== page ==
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# General Stokes Theorem

### From Intelligent Perception

Let's look at the Fundamental Theorem of Calculus in the light of integration of differential forms.

Recall the statement: $$\displaystyle\int_a^b f(x) dx = F(b) - F(a),$$ where $F'=f$.

We want to restate it in ${\bf R}^1$ for forms...

The left-hand side is simply: $$\displaystyle\int_{[a,b]} dF.$$ It's the same for any parametrization of $[a,b]$, according to one of the properties.

What about the right-hand side?

Here $F(b) - F(a)$ is an integral, of $F$, over a $0$-manifold: $P=\{b\} \cup -\{a\}$.

Why not $\{a,b\}$?

Because the orientation of $P$ comes from ("is induced by") the orientation of $[a,b]$!

So, taken together the formula yields: $$\displaystyle\int_{[a,b]} dF = \displaystyle\int_{\{a,-b\}} F.$$

The version of this theorem for a $0$-form in ${\bf R}^n$ looks exactly the same: $$\displaystyle\int_C dF = F(b) - F(a) = \displaystyle\int_{\{a,-b\}} F,$$ but now $a,b$ are the endpoints of the curve $C$.

Observe here that if we think of $C$ as an oriented $1$-manifold, then its end-points constitute its boundary: $$\partial M = \{b\} \cup -\{a\}.$$

So, for the $n$-forms it generalizes to:
$$\displaystyle\int_M dF = \displaystyle\int_{\partial M} F,$$
called the *General Stokes Theorem*. "General" here refers to the fact that it's about differential forms, of any degree: $F \in \Omega^1({\bf R})$, and, therefore, incorporates all integral theorems of vector calculus.

**General Stokes Theorem for manifolds.** Suppose

- $M$ is compact (piece-wise smooth) oriented manifold ($\subset {\bf R}^N$),
- $\varphi$ is a (piece-wise smooth) $(n-1)$-form.

Then $$\displaystyle\int_M d\varphi = \displaystyle\int_{\partial M}\varphi,$$ where the orientation of $\partial M$ is induced by that of $M$.

For dimension $1$ we still have this:

**Theorem:** If $F \in \Omega^1({\bf R}^n)$ and $M$ is a piecewise smooth $1$-manifold, then $\displaystyle\int_M dF = \displaystyle\int_{\partial M} F$.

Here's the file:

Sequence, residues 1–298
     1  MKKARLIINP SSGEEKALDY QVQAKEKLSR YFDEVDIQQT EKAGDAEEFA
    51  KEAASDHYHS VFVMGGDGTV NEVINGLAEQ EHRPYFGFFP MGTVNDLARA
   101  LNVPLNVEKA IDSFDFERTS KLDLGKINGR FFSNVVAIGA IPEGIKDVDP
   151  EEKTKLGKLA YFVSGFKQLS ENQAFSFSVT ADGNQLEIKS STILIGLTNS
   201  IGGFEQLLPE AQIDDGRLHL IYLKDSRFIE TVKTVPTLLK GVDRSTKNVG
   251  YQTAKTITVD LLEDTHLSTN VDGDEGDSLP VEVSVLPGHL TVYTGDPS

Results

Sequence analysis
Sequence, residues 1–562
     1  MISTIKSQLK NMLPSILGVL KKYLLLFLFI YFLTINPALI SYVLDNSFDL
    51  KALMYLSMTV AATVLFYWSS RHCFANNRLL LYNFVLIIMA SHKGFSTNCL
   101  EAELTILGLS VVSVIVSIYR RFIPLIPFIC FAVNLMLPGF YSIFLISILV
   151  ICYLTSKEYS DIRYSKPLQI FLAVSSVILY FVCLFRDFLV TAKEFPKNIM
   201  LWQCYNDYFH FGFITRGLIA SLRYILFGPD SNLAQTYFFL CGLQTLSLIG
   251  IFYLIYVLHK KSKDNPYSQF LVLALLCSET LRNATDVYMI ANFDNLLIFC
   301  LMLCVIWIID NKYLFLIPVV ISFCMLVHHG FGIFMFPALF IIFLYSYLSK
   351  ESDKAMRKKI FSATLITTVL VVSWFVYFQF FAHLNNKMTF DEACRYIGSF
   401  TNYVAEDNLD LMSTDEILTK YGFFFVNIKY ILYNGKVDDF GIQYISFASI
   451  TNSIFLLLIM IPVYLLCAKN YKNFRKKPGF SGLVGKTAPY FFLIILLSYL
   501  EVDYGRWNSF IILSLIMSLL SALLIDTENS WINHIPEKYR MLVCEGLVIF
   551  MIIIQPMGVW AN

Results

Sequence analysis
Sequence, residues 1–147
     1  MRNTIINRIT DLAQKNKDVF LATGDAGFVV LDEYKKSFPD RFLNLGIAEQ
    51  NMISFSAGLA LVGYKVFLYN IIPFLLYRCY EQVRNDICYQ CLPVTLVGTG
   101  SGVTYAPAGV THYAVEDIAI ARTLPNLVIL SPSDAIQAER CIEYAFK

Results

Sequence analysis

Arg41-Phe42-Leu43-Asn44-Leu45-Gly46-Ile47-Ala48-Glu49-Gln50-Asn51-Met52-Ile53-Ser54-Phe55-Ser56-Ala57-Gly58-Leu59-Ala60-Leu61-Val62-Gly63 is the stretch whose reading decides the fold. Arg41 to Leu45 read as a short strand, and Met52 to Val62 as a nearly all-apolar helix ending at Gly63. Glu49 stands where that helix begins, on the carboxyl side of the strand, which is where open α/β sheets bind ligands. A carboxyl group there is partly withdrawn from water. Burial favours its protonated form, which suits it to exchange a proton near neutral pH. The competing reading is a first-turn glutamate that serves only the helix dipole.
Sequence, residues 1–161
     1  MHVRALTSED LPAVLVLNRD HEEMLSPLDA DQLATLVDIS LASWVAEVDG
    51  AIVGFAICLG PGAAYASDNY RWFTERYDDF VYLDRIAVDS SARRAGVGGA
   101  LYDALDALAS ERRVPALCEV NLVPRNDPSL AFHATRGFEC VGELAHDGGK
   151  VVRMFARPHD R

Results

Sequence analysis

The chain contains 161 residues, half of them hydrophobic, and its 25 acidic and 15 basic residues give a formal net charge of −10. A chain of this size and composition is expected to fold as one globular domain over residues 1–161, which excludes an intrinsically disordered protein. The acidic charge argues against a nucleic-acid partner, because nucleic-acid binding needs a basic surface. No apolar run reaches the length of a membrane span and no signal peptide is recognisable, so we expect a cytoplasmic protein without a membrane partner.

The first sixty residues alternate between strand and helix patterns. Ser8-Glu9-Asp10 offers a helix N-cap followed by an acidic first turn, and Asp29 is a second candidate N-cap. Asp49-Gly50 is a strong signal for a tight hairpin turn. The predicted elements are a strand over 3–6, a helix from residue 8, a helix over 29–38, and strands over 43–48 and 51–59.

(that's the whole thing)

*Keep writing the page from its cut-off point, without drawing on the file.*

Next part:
**Corollary:** Suppose $\varphi \in \Omega^1({\bf R}^n)$ and $C$ is a curve. Then $\varphi$ is exact if and only if the integral $\displaystyle\int_C \varphi$ is independent of path.

**Proof:** ($\Rightarrow$) Stokes (or simply FTC).

($\Leftarrow$) If $\displaystyle\int_C \varphi$ is independent of path, then $F(x) = \displaystyle\int_C \varphi$ is well defined, where $C$ is *any* path from a given, fixed $A$ to $x$ (then $F(x)$ depends on $x$ only). Then $dF = \varphi$. $\blacksquare$

**Example:** Consider this form again:
$$\varphi = -\frac{y}{x^2+y^2} dx + \frac{x}{x^2+y^2} dy$$
and prove it's closed.

Note: We didn't prove it's not exact, but let's just state what we know: $$\displaystyle\int_C \varphi = 2 \pi \neq 0,$$ where $C$ is the unit circle oriented counterclockwise.

Here $2 \pi$ means one turn. So $$\displaystyle\int_{-C} \varphi = -2 \pi,$$ $$ \displaystyle\int_{-C \hspace{3pt} {\rm twice}}\varphi = 4 \pi,$$ etc.

What about *discrete forms*? Is there an analogue of this result?

Yes. An analogue for $\varphi$ is cochain that's not exact.

Note: integration = summation (of the values of the form) and differentiation = difference.

**Example:** Choose $\varphi ^1$ with orientation of the edges along the coordinate axes and a parametric curve $C$:

Since $$\displaystyle\int_C \varphi = 1+1+1+1=4,$$ we see that $\varphi$ is not exact.

But it is closed, since $d \varphi = 0$.

As it often happens in mathematics, good theorems are turned into definitions. We can use the Stokes formula to define the exterior derivative.

Given a $k$-form $\phi$, a $(k+1)$-form $\psi$ is called the *exterior derivative of* $\phi$ if for any chain $\omega$
$$\displaystyle\int_{\omega} \psi = \displaystyle\int_{\partial \omega} \phi.$$
The derivative is still denoted by $d \phi$.

In this spirit, the formula can be rewritten as $$d\phi(\omega)=\phi(\partial \omega),$$ or, in the common linear algebra notation, $$<d\phi,\omega>=<\phi,\partial \omega>.$$